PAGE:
The reviews of Jacob's Room is Full of Books haven't been all positive. I don't have an opinion yet, but probably will by the end of December. It isn't much like Howards End is on the Landing. It is less about books and authors, at least so far, but I rather like the rambling from one thing to another.
The words from Jabberwocky popped into my head as I sat down to write about the February entry.
"The time has come," the Walrus said,
"To talk of many things:
Of shoes - and ships - and sealing wax -
Of cabbages and kings -
And why the sea is boiling hot -
And whether pigs have wings."
I'm not a big Lewis Carroll fan, but I do love this. Susan Hill goes from subject to subject, and I wish I were there beside her so I could say, "yes!" or "I don't agree." She even talks of cabbages (!) in the context of the bright colors at the greengrocer.
She writes of not liking stories with fairies in them, preferring goblins and trolls. She says,
What does our individual taste in matters like this, matters that actually don't matter, say about us? I wish I could understand. I am not keen on folk tales either. Or folk songs. Cecil Sharp must have been a bore.I don't like fairies or the scarier creatures. And I would so love to have known Mr Sharp. I am very interested in the work he did. It would have been fun to say that to her, and ask if she had liked the Natasha Solomons book (The Song of Hartgrove Hall), and if she has read Electric Eden.
She wrote of a website where various people offer five books on a theme. She was so interested in this, and I just didn't care at all, but then she began writing of Iris Murdoch's Alzheimer's disease, and my metaphorical ears pricked up.
I have always felt that, in writing his [her husband's] memoir of her decline and then in allowing it to be filmed - the whole sad, sad detailed saga of it - he had betrayed her and, above all, betrayed her dignity. She had no say, no opportunity to say no - or, of course to say yes.As much as I loved the book and the movie, I certainly understand her view, and even agree with it. It is possible though that they may have helped someone who was going along the same path as John Bayley was in those years. And of course, without the movie, we wouldn't have that perfect Hathaway line in Inspector Lewis when he goes into a cluttered house and describes it as the Iris Murdoch school of decorating!
In Howards End is on the Landing, Susan Hill was living in Gloucestershire, and that house seemed my dream place. Her descriptions were so good that I could see it as I read along. There's a nice piece here that talks about this. In Jacob's Room is Full of Books, she has a new home by the sea in Norfolk. She describes it:
Norfolk is the least horsey of all the counties I have ever known. I don't think there is even a hunt. It isn't much of a sheep place either, though there are a few flocks round here. No horses. No sheep. Instead, pigs. Pigs and sugar beets. And churches. And the sea. The sea. ... If you have been born and bred by the sea, you can be content watching it for hours.As I read along I wondered why she moved. I understand the appeal of the water, especially if one is born near the ocean, but leaving that house? Well, this article might explain.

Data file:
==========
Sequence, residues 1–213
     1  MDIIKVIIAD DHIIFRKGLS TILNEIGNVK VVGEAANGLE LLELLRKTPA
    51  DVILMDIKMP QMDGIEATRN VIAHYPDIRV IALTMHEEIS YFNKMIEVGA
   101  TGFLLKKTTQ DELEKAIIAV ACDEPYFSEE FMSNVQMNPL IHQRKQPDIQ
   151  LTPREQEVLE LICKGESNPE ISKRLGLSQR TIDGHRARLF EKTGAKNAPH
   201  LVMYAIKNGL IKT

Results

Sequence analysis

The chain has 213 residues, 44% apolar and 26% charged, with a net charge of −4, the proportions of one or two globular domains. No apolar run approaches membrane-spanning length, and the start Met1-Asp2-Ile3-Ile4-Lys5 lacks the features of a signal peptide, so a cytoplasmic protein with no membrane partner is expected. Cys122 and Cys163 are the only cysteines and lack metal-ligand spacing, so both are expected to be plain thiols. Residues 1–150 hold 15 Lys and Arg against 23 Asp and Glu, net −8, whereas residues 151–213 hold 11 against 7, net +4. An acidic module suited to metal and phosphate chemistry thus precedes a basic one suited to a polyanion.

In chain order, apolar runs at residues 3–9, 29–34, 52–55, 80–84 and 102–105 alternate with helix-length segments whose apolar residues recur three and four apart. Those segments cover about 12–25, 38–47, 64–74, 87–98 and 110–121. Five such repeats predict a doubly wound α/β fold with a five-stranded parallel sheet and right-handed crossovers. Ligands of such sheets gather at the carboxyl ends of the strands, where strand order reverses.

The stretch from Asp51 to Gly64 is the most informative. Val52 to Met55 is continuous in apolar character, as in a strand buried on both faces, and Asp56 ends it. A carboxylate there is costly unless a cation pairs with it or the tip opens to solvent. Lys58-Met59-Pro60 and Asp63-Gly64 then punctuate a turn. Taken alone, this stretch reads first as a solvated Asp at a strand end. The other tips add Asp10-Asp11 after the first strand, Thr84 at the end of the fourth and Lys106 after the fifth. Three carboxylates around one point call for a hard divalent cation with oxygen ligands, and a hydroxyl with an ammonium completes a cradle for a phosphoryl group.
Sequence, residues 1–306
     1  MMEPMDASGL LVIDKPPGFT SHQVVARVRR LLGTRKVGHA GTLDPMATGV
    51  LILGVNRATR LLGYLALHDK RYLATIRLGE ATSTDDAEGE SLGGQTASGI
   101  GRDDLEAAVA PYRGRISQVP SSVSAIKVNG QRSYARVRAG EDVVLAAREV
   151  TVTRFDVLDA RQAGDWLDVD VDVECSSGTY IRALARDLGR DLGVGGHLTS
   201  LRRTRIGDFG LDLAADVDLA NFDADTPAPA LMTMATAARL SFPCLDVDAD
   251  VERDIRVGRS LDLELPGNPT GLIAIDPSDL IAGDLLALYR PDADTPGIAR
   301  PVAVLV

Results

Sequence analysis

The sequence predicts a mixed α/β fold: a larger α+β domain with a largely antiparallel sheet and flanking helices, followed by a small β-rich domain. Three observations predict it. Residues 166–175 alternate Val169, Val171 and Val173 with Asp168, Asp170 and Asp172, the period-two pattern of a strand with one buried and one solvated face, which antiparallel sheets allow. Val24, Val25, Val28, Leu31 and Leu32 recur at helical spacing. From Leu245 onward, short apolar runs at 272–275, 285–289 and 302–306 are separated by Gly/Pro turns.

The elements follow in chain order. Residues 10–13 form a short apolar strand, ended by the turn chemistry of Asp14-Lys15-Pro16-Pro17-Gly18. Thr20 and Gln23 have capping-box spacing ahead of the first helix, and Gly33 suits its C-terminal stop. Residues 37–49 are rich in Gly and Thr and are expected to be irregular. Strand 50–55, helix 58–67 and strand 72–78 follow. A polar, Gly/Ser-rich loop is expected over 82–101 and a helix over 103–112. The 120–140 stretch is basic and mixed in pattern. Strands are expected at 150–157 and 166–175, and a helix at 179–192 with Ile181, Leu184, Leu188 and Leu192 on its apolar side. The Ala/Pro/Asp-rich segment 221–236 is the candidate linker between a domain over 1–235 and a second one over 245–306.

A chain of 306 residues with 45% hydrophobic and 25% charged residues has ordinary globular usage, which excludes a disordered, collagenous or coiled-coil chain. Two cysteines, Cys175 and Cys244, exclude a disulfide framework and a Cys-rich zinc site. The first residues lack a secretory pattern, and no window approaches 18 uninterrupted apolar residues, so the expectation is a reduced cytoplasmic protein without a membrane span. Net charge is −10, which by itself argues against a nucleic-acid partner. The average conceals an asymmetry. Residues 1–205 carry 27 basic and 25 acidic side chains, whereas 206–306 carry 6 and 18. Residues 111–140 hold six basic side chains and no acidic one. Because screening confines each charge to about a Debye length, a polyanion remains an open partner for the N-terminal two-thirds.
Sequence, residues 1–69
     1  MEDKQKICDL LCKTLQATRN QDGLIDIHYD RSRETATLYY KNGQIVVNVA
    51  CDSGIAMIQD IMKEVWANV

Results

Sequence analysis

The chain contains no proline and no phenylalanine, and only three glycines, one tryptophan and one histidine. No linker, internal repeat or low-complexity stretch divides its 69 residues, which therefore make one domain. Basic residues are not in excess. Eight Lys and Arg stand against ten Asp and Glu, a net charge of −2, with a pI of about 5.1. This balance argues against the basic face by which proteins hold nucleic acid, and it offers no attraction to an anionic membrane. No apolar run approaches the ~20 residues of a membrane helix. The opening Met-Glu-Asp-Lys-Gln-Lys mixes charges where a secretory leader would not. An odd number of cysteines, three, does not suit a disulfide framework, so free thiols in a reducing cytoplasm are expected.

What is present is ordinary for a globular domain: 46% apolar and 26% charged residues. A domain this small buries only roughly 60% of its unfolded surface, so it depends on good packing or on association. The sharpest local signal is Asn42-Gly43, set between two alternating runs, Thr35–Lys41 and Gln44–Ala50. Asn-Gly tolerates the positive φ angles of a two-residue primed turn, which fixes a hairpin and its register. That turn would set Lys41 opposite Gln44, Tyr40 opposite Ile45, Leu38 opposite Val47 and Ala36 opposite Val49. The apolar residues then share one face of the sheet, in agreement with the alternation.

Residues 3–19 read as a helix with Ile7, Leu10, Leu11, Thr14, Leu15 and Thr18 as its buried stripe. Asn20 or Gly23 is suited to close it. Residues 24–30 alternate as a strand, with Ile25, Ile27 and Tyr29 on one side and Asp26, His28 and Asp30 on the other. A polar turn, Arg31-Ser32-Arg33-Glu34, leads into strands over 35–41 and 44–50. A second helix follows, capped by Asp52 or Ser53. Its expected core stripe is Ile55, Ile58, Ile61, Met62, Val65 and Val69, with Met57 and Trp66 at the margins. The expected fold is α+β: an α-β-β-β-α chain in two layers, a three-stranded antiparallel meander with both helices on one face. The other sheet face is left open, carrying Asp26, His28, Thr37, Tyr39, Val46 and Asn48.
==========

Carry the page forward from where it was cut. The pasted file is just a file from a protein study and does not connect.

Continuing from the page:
The author does, of course, talk about books.
Not the weather for standing around more than two minutes admiring the spring flowers, the weather for clearing out bookshelves. If we ever leave this house, we will not want to start doing it as the removal men are at the door. I thought I had cleared out all the books I would ever need to lose five years ago, but books breed. They beget second copies because you have mislaid the first and buy another, the day before you find the first. They interbreed, too, so you have The Cambridge Companion to the Bible next to the Oxford ditto, and several copies of Quentin Bell's biography of Virginia Woolf next to the one by Hermione Lee.
And whenever I go to the shelves to start an hour of de-stocking, I come upon a forgotten treasure.Susan Hill's birthday is 20 days before mine, and she says
I found a great quote for a birthday, too, from May Sarton's Journal of a Solitude: 'Do not deprive me of my age. I have earned it.' It gives the lie to all those who want to remain young, and although they surely must know that they cannot do that, they still give it a go, via facelifts and Polyfilla.Later in the February essay, she attempts to de-stock again. Some of the work is easy, like
...ephemeral detective stories you will never re-read, and duplicate copies, the books that don't belong to me, the books that have had coffee or wine spilled over them, been left out in the rain or fallen in the bath and retrieved, more in hope than in expectation of a good outcome.She then goes on to talk of "small collections" she has made over the years.
Most people have obsessions and these usually come and go. Once you have fallen out of love with your passion, you do not want books about it to take up several yards of shelf space, though you may feel fond and nostalgic enough to save one. Or perhaps two.One of Susan Hill's passions might surprise the reader. Not, of course, Virginia Woolf books, either by her or about her, but an obsession with Marilyn Monroe?!
I ended January's installment by saying that I was going to re-read Jacob's Room by Virginia Woolf, and I did begin on her birthday, January 25, but I put the book back on the shelf because I realized that I wanted to read a print book that I haven't already read. I do hope to get back to it, but unless I begin reading more than one print book a month, I really must pick up those unread books.